History Pages: 43 - Petroleum in Santa Cruz, Then and Now
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Oil is an ever-present subject in the news: oil supplies, oil pipelines, oil spills, oil prices. To residents of bucolic Santa Cruz County, however, those stories mostly fall into the “somewhere else” category. Oil derricks like the ones in the photo at right were rare in the Santa Cruz area. Most locals don’t realize that, in the past, our county had its own encounters with petroleum.
Edwin Drake’s 1859 discovery of oil in Pennsylvania set off a new kind of “gold rush”, and prospectors in California jumped in. The presence of petroleum in Santa Cruz County had long been known. Natives and Spanish padres found and used (mainly for water-proofing) natural seepages of oil and asphalt leaking out of layers of “bituminous rock” that surface along the north coast. The problem was that only small quantities could be obtained in this way, and uses for it were also limited. It was only when kerosene and oil-fired steam engines were invented that petroleum’s value began to rise.
Some of the oil-seekers in our county were drillers hoping to find underground reservoirs of liquid crude oil, as Drake had done. Those hopes were never realized, however, and oil drilling never became profitable. Others had the idea of extracting oil from the bituminous rock by crushing the material and heating it to make the oil flow so it could be separated. The laborious technique worked, but couldn’t compete with the "gushers" found elsewhere, and the effort also failed to turn a profit.
In the 1880s, a new idea began to take hold. The people of Santa Cruz were, like other urbanites around the state, getting tired of slogging through mud all winter and clouds of dust all summer. They began to explore the feasibility of paving their streets and sidewalks.
One candidate was a byproduct of the lime industry. Local limestone quarries could produce crushed rock that would provide a semi-durable road surface, especially if used in the “macadam” technique developed in England. For whatever reason, however, macadam roads never caught on locally in a big way. It could be that the limerock was more valuable as feedstock for the kilns than as road paving.
For bituminous rock - oil-impregnated sandstone - the ROI calculation became more favorable. The same quarrying and heating techniques already developed for oil extraction could be used, but simplified. After moderate heating, the softened, sticky mass of “asphaltum” (a popular term in those days) was simply dumped on the road, spread around and flattened by tamping and/or rolling. Similar methods are still used with small-job modern asphaltic paving.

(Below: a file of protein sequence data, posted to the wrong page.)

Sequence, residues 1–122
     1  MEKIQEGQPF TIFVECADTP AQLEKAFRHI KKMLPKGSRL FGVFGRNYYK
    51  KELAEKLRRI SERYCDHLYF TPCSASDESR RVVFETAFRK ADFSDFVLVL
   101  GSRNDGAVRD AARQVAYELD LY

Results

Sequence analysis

The county's largest bituminous rock operation was originally known as the “Walrath mine”, in the coastal hills northwest of Santa Cruz, where the entire top of one large hill was removed to get at the layer of bituminous rock below. The removed material was pushed over the sides of the hill, and can still be seen today. A wagon road was built to haul the rock down to the Coast Road and, at some point, was paved with asphaltum from the mine. Over 100 years later, stretches of the road paving remain in remarkably good condition (left).
The property subsequently passed through several hands, notably the “City Streets Improvement Company”. Neighboring property owners ran smaller mining operations, including I.L. Thurber and Henry Cowell (see map at right). In 2015, the flat-topped hill was in the news again, as the controversial site of a proposed residential development.
The north end of Pacific Avenue, beginning with the “lower plaza” at Front and Water Streets, was where downtown asphaltum paving began. An 1886 photo shows the 2-year-old Swanton House Hotel facing a newly-paved Front Street, with a still-unpaved Water Street (notice the wagon-wheel ruts) on the left. This location is where the main Post Office stands now.
Many downtown residential streets got asphaltum sidewalks, with curbs of roughly-cut local stone, to replace decomposing wooden planks. The change can be seen in two photos of the Hihn mansion, on Church Street. The earlier photo (left) shows a board sidewalk. In a later (1900) photo (right), the old boards have been replaced with a smooth asphaltum surface, retained by a cut-stone curb (the street itself remained dirt).
Another popular use for the new paving material was for factory and farm building floors. One of the best-preserved asphaltum floors can be seen in the horse barn at Wilder Ranch State Park. The photo at left shows the black asphaltum on the left, abutting a newer concrete surface. By the mid-1890s, the mines were producing enough bituminous rock that it became the county’s leading mineral export, edging out lime in dollar value for several years. Much of this product went to San Francisco, where it was reportedly used to pave Market Street, among others.
Inevitably, advancing technology and changing markets led to a decline in competitiveness for the bituminous rock industry. Less expensive methods for producing asphaltic paving were developed, while concrete became the material of choice for sidewalks. The asphaltum streets and sidewalks disappeared, and a once-important chapter of Santa Cruz history was mostly forgotten.
- Gary Griggs article “Hydrocarbons in the Hills”, Seymour Center.
- Frank Perry, "Lime’s Sister Industry: Bituminous Rock", Lime Kiln Chronicles Spring 2013 issue.